Even Interns Are Expected To Dress For Success On The Hill Dr. Philip Lehman, a former intern and congressional staffer, talks about fashion and money on Capitol Hill — and why the lowest-paid staffers often find themselves in a bind.

Even Interns Are Expected To Dress For Success On The Hill

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Did you happen to catch the president's State of the Union address on Tuesday night? And if you did, did you notice the abundance of high-end suits and shirts or, for the ladies, expensive dresses and maybe some pearls? That expensive style is not reserved for the higher-ups. It is a staple of Capitol Hill culture from senators and chiefs-of-staff down to the summer interns. And that's kind of a problem, at least according to a recent opinion piece in The Washington Post by a former Hill staffer. Dr. Philip Lehman is now a cardiovascular fellow at Duke University, but a decade ago, he worked as an intern and as a staff member for the House Ways and Means Committee. So we called Dr. Lehman at WUNC in Durham, N.C. Dr. Lehman, thanks so much for speaking with us.

PHILIP LEHMAN: Thanks so much, Michel.

MARTIN: So, first of all, for people who haven't visited the nation's capital or at least were not paying attention than they did, paint us a picture of what a fashion-conscious observer might notice if they were to walk the halls of Capitol Hill, as you once did.

LEHMAN: So, one of the very first things you're told when you work on Capitol Hill is that there's a level of expectation as to how you dress. You're representing a member, a senator, a congressman. And you're expected to be wearing, if you're a man, a suit and a tie, especially if you're in session - for women, something equivalently appropriate. And I think it requires a little bit of a chunk of change in order to fit the part, so to speak.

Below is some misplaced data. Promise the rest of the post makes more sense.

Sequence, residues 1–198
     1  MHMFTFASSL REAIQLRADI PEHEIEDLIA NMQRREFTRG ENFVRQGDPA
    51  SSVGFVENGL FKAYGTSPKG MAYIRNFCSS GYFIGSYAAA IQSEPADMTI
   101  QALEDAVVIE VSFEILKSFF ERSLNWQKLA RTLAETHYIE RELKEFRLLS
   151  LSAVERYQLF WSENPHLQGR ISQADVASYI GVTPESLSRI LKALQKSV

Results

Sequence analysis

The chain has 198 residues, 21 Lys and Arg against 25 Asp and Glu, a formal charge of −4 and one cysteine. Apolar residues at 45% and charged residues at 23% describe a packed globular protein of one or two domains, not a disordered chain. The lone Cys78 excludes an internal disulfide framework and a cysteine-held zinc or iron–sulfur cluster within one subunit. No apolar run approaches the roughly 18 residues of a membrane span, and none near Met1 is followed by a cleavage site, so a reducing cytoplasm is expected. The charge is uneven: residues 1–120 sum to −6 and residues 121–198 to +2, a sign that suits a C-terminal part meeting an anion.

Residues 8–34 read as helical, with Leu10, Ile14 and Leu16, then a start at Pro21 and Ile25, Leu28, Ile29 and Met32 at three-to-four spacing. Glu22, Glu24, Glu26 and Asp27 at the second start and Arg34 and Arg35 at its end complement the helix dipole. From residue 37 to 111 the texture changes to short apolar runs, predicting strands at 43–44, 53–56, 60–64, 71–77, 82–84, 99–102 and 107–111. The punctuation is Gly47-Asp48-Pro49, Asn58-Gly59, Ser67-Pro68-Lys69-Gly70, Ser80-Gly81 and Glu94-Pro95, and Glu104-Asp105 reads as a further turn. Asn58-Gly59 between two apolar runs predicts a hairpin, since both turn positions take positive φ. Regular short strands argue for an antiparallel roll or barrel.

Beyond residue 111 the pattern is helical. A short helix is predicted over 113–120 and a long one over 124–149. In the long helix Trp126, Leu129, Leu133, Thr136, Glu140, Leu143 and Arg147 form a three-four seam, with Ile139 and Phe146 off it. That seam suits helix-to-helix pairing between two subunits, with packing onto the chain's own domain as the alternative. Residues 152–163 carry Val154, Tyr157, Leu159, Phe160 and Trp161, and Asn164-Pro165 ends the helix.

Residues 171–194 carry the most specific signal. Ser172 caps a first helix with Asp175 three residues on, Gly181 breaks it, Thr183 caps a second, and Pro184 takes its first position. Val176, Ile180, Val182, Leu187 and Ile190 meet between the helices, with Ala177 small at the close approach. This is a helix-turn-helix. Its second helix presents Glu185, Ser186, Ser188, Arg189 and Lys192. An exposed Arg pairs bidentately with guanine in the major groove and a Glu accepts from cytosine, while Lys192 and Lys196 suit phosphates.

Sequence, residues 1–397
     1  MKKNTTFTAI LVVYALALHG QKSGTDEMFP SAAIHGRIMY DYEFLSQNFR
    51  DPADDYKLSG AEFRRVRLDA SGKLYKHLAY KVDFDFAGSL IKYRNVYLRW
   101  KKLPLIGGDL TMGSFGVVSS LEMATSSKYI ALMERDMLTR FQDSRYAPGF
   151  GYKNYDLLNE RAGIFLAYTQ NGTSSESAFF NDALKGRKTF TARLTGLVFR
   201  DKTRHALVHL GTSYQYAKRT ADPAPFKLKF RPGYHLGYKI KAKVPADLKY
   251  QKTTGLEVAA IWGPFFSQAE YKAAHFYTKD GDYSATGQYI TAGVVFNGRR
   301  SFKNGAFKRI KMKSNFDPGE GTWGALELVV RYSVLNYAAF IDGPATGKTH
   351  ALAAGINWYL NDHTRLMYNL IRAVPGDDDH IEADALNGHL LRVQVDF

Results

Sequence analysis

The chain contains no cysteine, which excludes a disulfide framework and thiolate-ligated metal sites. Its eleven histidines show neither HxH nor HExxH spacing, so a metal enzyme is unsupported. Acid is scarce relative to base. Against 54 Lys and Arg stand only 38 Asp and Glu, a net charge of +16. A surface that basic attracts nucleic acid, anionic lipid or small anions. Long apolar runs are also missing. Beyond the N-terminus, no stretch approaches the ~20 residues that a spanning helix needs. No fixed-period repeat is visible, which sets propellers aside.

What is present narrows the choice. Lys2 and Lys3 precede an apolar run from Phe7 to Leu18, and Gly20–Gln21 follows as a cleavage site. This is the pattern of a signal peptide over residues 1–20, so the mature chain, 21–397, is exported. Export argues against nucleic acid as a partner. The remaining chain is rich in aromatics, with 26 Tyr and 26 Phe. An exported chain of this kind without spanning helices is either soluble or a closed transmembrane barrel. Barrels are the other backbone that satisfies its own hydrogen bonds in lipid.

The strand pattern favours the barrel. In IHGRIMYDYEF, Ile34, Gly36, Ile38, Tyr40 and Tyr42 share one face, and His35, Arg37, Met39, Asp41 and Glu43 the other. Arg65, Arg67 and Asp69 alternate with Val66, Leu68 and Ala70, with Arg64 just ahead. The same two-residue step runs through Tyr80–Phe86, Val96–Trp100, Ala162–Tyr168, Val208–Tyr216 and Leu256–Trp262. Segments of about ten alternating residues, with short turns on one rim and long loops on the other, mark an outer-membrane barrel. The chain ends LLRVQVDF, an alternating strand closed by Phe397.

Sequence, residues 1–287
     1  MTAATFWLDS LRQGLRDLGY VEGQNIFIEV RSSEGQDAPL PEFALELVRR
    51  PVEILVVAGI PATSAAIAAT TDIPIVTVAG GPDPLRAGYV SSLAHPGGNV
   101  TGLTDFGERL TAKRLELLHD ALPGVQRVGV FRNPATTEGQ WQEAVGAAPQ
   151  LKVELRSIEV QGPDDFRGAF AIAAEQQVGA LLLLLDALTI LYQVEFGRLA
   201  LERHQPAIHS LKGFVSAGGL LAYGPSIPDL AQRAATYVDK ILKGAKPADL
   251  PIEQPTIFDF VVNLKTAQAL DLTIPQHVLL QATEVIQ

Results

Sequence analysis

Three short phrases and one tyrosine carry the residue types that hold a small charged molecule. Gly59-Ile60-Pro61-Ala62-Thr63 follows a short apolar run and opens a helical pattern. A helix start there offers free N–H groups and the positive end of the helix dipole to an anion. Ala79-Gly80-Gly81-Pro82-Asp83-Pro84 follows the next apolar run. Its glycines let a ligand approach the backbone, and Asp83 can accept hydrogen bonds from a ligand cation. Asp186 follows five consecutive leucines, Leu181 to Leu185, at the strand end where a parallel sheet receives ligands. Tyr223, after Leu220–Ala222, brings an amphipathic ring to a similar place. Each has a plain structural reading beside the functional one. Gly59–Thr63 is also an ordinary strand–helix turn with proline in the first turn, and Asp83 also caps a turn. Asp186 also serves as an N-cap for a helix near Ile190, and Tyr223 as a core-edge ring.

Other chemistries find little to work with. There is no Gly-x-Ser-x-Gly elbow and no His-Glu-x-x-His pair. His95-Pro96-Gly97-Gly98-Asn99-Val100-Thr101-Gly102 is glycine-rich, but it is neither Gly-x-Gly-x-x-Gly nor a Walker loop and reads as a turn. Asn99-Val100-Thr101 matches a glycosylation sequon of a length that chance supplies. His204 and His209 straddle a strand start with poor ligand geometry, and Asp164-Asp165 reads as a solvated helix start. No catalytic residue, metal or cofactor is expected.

The impetus behind the piece was the fact that I was walking around Capitol Hill, visiting offices, meeting with staffers and interns. And it sort of struck me that, man, everybody looks fantastic. And then I really thought - how is this even possible? And so I really came to thinking, and I crunched some numbers about how much I made when I was a Capitol Hill intern and then a staffer. And essentially, I lived on an almost day-to-day basis and had around $23 a day of discretionary income based on my income of $25,000 a year. So when you walk around and you see people wearing, as I say in the piece, Tory Burch flats, for example - at 225 bucks a pop, who could possibly afford that if you only have $23 a day after just paying something simple, like, you know, your rent and utilities?

MARTIN: So what's your conclusion about this? You're saying that - look, low wages, high cost of living, and yet, people are kind of fancy. So what conclusion do you draw from this?

LEHMAN: The conclusion is that at the end of the day, if you're going to dress this nicely and there's this expectation that you need to look a certain part, in order to simply just afford the experience, that means one of three things has to be true. Either you have to pick up a second job, you are taking on massive amounts of credit card debt, or perhaps money isn't an issue for you. And if that's the case, then that really has implications for what the pipeline of who works on Capitol Hill in the future looks like.

It's a problem because there are probably many people for whom working on Capitol Hill would be the ultimate public service career. And I hate to say it, but they actually might be priced out from the de facto entry experience into that lifestyle moving forward. So you're kind of stuck in a rut. How do you get your foot in the door when you can't even afford the experience?

MARTIN: So what's your solution to this?

LEHMAN: The obvious solution, of course, would be to provide a wage that wouldn't effectively prohibit some group of people from having a little bit of a greater chance to work on Capitol Hill. It's not that everybody needs to make a lot of money, but I would hate for anybody to not want to even think about working on Capitol Hill because they know that they just couldn't survive on, let's say, three months or even more of unpaid work.

MARTIN: Philip Lehman is a cardiovascular fellow at Duke University. He's a former staff member for the House Ways and Means Committee. He spoke with us from WUNC in Durham, N.C. Dr. Lehman, thanks so much for speaking with us.

LEHMAN: It's a pleasure. Thank you, Michel.

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